Homeless During the Winter

 

At St. Thomas Episcopal Church in Dover, Jacob Guyotte serves people with a smile as he hands out food and conversates with the many people that stop by there. This is just one of the many things Guyotte does to help homeless people in need during the winter months.

 

Guyotte currently works at the University of New Hampshire’s Grounds & Events, and was formerly homeless as a child in Plymouth, New Hampshire. He is a former community coordinator, working with people who are close to being homeless or are homeless. He was inspired to work in human services after volunteering at local soup kitchens and working with some of the people there.

 

“I was in the sixth grade and it was winter time and at the homeless shelter you would have to be outside all day because they expect you to be out looking for a job,” said Guyotte. “When I was there at that age there was no jobs I had at the moment. Even the children had to be out in the cold trying to find warm places. You were expected to come back at 5 p.m. that night and expected to leave for the day by 9 a.m.”

 

He said, “In the summer time the second time I was homeless I slept in a tent, and as a kid it was great; it was like we were camping. But when it got to be October or November, then it was really rough to be outside, it was really cold. My brother and I had to share a tent.”

 

With limited places for homeless people to go, shelters like My Friend’s Place in Dover and Cross Roads House in Portsmouth have maximum occupancy throughout the winter months and have to turn many people away. My Friend’s Place has eight bedrooms, and a 17-person capacity. Crossroads House has 88 beds in total.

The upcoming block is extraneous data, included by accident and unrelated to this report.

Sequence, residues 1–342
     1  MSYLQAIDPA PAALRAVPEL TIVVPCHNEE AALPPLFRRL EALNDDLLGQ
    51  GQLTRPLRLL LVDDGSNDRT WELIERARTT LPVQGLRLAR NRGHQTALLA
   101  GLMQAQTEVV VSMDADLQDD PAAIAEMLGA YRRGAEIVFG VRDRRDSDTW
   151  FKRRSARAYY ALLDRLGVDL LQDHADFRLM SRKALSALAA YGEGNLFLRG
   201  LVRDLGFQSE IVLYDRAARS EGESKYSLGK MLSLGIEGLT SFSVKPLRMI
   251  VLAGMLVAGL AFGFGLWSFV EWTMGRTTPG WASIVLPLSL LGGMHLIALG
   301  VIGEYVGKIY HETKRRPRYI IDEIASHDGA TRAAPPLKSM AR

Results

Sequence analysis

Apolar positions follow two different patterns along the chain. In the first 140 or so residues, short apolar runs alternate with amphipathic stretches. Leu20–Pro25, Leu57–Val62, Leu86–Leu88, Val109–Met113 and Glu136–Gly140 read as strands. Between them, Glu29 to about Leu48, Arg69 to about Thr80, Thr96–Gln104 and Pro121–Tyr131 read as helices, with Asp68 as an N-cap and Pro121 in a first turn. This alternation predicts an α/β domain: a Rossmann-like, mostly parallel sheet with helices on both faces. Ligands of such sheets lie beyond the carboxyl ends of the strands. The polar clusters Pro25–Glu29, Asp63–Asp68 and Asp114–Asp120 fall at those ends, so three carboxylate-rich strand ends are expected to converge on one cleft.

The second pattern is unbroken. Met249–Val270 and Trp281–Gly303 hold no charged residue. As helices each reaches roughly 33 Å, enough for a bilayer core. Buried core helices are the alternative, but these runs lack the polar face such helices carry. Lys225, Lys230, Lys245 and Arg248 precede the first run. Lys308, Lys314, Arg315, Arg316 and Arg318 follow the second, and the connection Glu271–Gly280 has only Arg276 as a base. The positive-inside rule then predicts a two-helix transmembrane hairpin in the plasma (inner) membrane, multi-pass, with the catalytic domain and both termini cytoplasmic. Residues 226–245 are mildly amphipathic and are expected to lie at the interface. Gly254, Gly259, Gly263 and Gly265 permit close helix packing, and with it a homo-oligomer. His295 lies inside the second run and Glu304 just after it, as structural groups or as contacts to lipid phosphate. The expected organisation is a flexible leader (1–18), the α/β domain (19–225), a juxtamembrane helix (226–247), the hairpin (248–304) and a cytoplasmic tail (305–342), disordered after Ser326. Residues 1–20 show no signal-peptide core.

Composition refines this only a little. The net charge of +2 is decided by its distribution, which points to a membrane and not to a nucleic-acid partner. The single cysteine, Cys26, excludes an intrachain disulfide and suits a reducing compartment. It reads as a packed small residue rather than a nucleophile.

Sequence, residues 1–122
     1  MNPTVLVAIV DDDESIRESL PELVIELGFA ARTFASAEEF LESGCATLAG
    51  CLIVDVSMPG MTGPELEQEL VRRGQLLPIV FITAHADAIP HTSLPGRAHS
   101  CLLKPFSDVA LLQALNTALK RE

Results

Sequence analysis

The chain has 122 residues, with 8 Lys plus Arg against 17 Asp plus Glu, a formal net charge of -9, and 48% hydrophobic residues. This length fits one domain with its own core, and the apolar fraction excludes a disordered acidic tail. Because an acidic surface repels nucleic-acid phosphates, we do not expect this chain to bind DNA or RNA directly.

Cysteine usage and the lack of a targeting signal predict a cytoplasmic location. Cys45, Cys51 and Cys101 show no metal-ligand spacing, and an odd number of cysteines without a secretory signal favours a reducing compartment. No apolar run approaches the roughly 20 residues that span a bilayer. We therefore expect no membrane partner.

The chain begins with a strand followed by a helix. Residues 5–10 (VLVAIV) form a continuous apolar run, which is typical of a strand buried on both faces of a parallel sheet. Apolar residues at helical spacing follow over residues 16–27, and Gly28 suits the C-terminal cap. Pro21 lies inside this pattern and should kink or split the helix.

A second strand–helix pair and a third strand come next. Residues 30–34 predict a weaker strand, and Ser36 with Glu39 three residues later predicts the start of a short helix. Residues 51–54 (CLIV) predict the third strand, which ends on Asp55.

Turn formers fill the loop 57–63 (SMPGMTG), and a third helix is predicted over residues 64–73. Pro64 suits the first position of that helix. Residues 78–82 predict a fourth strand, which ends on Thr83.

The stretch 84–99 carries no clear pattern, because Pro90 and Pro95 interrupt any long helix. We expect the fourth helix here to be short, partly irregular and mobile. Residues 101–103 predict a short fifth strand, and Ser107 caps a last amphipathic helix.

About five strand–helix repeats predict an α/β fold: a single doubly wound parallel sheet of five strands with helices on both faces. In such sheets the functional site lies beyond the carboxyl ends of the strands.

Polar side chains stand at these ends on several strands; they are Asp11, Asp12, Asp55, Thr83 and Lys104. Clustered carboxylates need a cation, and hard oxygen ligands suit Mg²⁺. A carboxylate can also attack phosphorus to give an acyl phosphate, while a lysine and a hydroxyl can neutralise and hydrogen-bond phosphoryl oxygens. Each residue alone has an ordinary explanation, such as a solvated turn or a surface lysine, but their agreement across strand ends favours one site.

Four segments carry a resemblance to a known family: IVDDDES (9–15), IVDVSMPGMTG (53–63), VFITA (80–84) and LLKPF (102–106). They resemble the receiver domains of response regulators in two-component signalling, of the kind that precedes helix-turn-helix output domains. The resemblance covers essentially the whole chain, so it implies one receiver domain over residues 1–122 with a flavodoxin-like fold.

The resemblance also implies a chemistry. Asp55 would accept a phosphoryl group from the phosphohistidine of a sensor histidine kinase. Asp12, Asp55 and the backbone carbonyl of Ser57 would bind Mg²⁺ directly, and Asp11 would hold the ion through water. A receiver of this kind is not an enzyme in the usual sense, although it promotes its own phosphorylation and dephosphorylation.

Susan Ford, executive director of My Friend’s Place, said they’re booked completely throughout the year.

 

“There are a lot of people that get turned away unfortunately,” said Ford. “We are full seven days a week, 365 days a year. That said, we do get more calls in the winter months from people seeking shelter. In Strafford County we do currently have an organization that prioritizes the ‘waitlist’ for shelter. In other words, someone who is outside or sleeping in their car would get referred to an empty bed in either our shelter or Cross Roads House before someone who is couch surfing or doubled up in an apartment.”

 

According to the NH Coalition to End Homelessness (NHCEH), there has been a 10 percent increase in overall homelessness from 2016 to 2018. Strafford County saw a 45 percent increase.

 

According to NHCEH, Strafford County also saw a 150 percent increase in “unsheltered homelessness” between the two years. “’Unsheltered homelessness,’ which is when homeless people literally have no shelter to stay in and sleep either in the woods or another place,” said the NHCEH. Unsheltered homelessness is the most visible face of homelessness, and in many cases face the greatest barriers to stability. They often have longer histories of homelessness and higher rates of physical, mental and behavioral health challenges.